I would concentrate rather researching possible benefits of properties of a bootstrap lowering distortion, Cheers / Chris

Distortion In Power Amplifiers

"When a VAS-buffer is added, the drop in distortion is dramatic, as it is for the beta-enhancement method. The gain increase is ultimately limited by Early effect in the cascode and current-source transistors, and more seriously by the loading effect of the next stage, but it is of the order of 10 times and gives a useful effect. Fig 12 plots the distortion of a model amplifier with 100 Ohm input pair degeneration resistors, showing the extra distortion from a simple VAS. However, the beta-enhanced version has the THD submerged in the noise floor for most of the audio band, being well below 0.001%. I think this justifies my contention that input-stage and VAS distortions need not be problems; we have all but eliminated Distortions 1 and 2 from the list of eight."
 
I built a low power amp almost identical to this, but with a conventional darlington output. I went with a lower feedback network impedance and a few other values differed slightly, but the performance was first rate and distortion numbers generally under .001% across the audio band. The key to achieving those numbers in the real physical design has a lot to do with how/where you ground various parts of the circuit. My transistor compliment was MPSA56 and MPSA05 for the small stuff, and output darlingtons consisting of 2N2218+TIP32A and 2N4037+TIP31A. It ran on +/- 18VDC. (I'd dump the 3055s in a heartbeat!)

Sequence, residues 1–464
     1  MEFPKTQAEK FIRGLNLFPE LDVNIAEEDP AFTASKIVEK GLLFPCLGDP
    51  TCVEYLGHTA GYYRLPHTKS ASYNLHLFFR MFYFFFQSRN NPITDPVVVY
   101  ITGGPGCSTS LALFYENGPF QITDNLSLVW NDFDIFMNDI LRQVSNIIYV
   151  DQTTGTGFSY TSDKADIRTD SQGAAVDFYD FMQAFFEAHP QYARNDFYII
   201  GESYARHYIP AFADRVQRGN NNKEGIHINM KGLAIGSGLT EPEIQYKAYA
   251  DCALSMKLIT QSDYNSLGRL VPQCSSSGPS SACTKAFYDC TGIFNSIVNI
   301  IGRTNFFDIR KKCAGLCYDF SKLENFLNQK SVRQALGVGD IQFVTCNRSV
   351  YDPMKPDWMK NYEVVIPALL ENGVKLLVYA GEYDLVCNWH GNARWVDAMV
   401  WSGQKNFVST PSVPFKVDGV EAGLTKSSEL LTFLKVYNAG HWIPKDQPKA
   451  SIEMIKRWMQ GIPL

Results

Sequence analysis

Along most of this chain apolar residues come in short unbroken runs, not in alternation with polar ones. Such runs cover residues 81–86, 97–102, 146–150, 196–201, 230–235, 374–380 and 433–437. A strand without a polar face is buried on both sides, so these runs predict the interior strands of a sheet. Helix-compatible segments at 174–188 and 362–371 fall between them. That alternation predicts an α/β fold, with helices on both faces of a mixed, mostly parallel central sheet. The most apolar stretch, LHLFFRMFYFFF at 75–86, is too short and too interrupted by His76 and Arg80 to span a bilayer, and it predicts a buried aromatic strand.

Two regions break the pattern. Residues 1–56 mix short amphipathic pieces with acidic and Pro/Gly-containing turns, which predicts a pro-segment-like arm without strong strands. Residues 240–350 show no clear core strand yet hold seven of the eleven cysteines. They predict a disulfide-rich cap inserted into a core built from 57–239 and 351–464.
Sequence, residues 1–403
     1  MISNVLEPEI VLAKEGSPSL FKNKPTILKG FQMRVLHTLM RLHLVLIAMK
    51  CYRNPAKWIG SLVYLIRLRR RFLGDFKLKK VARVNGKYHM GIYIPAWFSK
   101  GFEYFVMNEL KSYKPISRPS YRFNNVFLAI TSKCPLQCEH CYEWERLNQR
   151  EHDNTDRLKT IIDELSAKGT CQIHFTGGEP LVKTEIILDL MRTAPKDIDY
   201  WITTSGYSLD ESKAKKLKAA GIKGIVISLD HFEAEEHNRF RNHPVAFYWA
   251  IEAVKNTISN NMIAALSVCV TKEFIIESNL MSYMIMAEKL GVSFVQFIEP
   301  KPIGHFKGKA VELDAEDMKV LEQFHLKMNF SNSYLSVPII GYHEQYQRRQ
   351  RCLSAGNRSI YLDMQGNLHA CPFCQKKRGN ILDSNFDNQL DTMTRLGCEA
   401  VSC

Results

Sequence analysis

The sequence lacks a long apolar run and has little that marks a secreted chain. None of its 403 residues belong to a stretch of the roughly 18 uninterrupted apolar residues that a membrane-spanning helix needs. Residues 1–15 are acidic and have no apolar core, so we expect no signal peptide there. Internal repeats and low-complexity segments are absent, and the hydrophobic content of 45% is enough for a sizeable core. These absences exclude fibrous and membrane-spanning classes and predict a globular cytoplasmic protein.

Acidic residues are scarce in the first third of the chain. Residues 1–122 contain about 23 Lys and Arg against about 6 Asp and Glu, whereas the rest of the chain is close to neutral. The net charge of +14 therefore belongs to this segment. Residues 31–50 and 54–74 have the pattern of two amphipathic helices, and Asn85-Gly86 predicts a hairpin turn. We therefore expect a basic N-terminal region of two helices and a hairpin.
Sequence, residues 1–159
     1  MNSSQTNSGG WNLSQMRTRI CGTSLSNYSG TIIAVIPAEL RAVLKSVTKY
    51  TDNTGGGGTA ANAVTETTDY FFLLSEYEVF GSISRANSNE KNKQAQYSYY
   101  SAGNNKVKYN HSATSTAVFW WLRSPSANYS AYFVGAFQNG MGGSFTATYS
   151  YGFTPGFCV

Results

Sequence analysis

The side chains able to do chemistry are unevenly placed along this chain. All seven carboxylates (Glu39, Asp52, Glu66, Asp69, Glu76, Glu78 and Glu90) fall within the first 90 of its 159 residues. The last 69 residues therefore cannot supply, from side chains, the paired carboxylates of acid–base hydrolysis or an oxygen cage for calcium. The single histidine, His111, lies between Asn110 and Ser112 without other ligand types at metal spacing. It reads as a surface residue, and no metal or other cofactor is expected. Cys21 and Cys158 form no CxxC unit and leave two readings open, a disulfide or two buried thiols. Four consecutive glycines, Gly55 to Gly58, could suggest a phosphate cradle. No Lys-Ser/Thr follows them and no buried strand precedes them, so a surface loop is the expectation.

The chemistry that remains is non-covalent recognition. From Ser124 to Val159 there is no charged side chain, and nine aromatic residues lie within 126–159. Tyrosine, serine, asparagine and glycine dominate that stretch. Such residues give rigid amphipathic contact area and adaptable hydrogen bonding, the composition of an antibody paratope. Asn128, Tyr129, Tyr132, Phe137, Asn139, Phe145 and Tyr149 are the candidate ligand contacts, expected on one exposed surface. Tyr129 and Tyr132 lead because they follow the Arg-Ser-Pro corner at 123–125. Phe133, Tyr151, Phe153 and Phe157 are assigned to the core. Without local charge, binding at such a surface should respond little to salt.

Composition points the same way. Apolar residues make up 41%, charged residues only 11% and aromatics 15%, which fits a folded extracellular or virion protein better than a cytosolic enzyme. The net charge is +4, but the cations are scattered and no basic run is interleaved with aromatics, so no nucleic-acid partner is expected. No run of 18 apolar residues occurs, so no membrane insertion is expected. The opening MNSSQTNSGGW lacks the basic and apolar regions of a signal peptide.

mnturner

Member
2010-05-07 2:47 am
Sounds like complementary feedback pair or Sizklai pairs (or however you spell that guy's name). That's my preferred output stage topology, I've used it in a couple of class B power amps.
Did your headphone amp use complementary devices with a bias setting?
I thought about that but in this design I've just used the single ended output because it avoids having to use a Vbias transistor etc. to simplify PCB layout at the expense of efficiency.